The Public Company Accounting Oversight Board was created to oversee the audits of public businesses, defend the interests of investors, and grow the public’s interest in the organization of unbiased and accurate audit reports. 

The PCAOB also works to enhance auditor independence, professional skepticism, and audit quality.

What Are Its Origins?

The origins of the PCAOB can be traced back to the 1930s, when Congress first recognized the need to regulate the accounting profession to protect investors. Congress created the Securities and Exchange Commission (SEC) and tasked it with overseeing the securities markets and enforcing federal securities rules. 

The SEC has the authority to register and manage accounting firms that prepare audited financial statements for public companies.

In 2002, following corporate scandals at Enron and WorldCom, Congress passed the Sarbanes-Oxley Act (SOX). SOX significantly enhanced the SEC’s oversight of public company audits and created the PCAOB as a separate, independent entity. The PCAOB is overseen by the SEC but has its own budget and is run by a board of directors.


The PCAOB’s mission is to “foster the interests of investors and develop the public interest in the preparation of informative, accurate, and independent auditing by establishing standards and performing inspections.” 

To achieve this mission, the PCAOB has broad powers to set auditing and ethics standards for public accounting firms, inspect them to ensure they comply with these standards, and take disciplinary action against them if they are not.

The PCAOB is funded through fees assessed on public companies and securities firms. These fees are generally passed on to investors.

How Does It Work?

The PCAOB sets auditing standards for public accounting firms and conducts inspections of these firms to ensure they are complying with these standards. The PCAOB also has the authority to take disciplinary action against firms that do not comply with its standards.

The PCAOB is overseen by a board of directors, which consists of five members appointed by the SEC. Three members must be “independent public accounting experts,” and two must be “public members” who are not affiliated with the accounting profession.

The board’s staff consists of accountants, attorneys, and other professionals with expertise in auditing, accounting, and securities regulation.

Key Programs and Initiatives

The PCAOB has several programs and initiatives designed to protect investors and further the public interest. These programs and initiatives include the following:

Auditing Standards

The PCAOB sets auditing standards for public accounting firms. These standards cover various topics, including auditor independence, audit planning, risk assessment, and audit documentation.


The PCAOB conducts inspections of public accounting companies to ensure they comply with its auditing standards.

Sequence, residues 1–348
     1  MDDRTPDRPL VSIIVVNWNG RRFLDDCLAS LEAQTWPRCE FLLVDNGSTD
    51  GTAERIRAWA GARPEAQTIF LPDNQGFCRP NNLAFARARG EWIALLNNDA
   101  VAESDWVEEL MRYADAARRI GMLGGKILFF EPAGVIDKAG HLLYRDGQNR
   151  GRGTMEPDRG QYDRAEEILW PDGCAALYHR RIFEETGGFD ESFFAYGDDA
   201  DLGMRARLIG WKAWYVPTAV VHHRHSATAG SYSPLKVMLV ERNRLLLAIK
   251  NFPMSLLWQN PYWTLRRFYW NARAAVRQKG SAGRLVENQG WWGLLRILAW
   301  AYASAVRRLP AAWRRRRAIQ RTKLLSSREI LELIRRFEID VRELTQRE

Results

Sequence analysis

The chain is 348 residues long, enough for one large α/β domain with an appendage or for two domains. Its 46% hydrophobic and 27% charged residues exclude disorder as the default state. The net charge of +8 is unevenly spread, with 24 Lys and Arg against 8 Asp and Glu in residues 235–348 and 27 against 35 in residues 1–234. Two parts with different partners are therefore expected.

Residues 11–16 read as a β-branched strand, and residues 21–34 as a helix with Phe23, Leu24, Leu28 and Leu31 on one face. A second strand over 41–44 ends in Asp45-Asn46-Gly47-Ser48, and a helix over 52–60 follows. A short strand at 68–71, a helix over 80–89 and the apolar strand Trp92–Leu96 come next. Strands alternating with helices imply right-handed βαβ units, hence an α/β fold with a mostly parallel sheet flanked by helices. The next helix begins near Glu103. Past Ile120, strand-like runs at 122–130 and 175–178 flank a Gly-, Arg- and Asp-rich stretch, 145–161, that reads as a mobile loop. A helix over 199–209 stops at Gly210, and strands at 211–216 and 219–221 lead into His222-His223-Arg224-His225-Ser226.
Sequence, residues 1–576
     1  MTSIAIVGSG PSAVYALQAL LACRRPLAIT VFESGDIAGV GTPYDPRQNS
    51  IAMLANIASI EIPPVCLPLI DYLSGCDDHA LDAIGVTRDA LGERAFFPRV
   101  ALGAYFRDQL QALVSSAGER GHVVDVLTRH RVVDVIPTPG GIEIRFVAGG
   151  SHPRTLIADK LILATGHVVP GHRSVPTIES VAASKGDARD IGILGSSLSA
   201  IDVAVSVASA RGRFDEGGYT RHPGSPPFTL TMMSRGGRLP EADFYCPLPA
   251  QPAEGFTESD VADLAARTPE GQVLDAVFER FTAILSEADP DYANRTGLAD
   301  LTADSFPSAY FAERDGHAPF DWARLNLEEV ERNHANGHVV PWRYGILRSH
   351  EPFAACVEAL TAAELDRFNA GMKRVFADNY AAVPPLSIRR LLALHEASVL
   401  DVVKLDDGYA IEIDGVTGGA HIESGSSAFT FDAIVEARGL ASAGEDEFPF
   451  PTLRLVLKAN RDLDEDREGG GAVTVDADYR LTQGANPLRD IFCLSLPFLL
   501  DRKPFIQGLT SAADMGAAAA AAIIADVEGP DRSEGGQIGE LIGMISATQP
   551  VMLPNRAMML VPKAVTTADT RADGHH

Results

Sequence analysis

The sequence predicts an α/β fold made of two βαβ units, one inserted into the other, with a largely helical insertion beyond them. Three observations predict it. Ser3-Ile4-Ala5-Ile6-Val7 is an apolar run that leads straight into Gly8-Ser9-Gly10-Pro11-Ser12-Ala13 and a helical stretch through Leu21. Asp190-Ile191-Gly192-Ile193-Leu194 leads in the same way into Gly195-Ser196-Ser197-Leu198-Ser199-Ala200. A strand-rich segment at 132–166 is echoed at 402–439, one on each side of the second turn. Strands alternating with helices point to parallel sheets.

Disciplinary Action

Because it has the authority to discipline firms that do not comply with its standards, the PCAOB can take corrective action such as censuring, suspending, or barring from practicing before the SEC.

The PCAOB also has some outreach initiatives designed to educate investors and other interested parties about its work and the importance of investing in quality financial reporting. These outreach initiatives include:

Investor Advisory Group

The Investor Advisory Group provides input on the PCAOB’s activities and initiatives.

Investor Education

The PCAOB provides investor education resources on its website. These resources include articles, videos, and webinars on topics such as auditing basics and choosing a financial professional.

Through these programs and initiatives, the PCAOB is working to protect investors and further the public interest.

What Are Its Limitations?

There are some limitations on the PCAOB’s powers. For example, it can’t impose civil or criminal penalties. It also can’t order a firm to restate its financial statements. These penalties can only be set by the SEC.

Moreover, the PCAOB’s authority is generally limited to firms that audit public companies. It doesn’t directly oversee private companies or other organizations, such as nonprofit organizations.

Finally, the PCAOB is dependent on the SEC for its funding. This dependence could create a conflict of interest if the SEC acted in a way that wasn’t in the best interests of investors.

What Has It Done?

The PCAOB has been active since its inception in 2002. It has issued many auditing standards and conducted inspections of public accounting firms.

In recent years, the PCAOB has been criticized for not being aggressive enough in its oversight of public accounting firms. For example, some have criticized the PCAOB for not taking action against KPMG after the firm was found to have engaged in questionable tax practices.

How Can Investors Gain Access to Reports Filed with the PCAOB by Registered Public Accounting Firms?

Investors can access a firm’s most recent inspection report by going to the PCAOB website and entering the firm’s name in the search bar. The reports are free and can be accessed by anyone.

In addition, investors can access a list of all firms that are registered with the PCAOB by going to the “Firms” page on the PCAOB website. This page includes details on each firm, such as contact information and disciplinary history.

The PCAOB website also has a “News and Events” page that provides resources for investors and other interested parties. This page includes information on upcoming events, such as webinars and conferences, as well as recent news releases.

The Purpose of the PCAOB

The PCAOB is an important regulator of the public accounting profession. Its mission is to protect investors and cover the public interest. It’s an important organization that has been tasked with a difficult job. While it has limitations, it has generally been effective in protecting investors and furthering the public interest.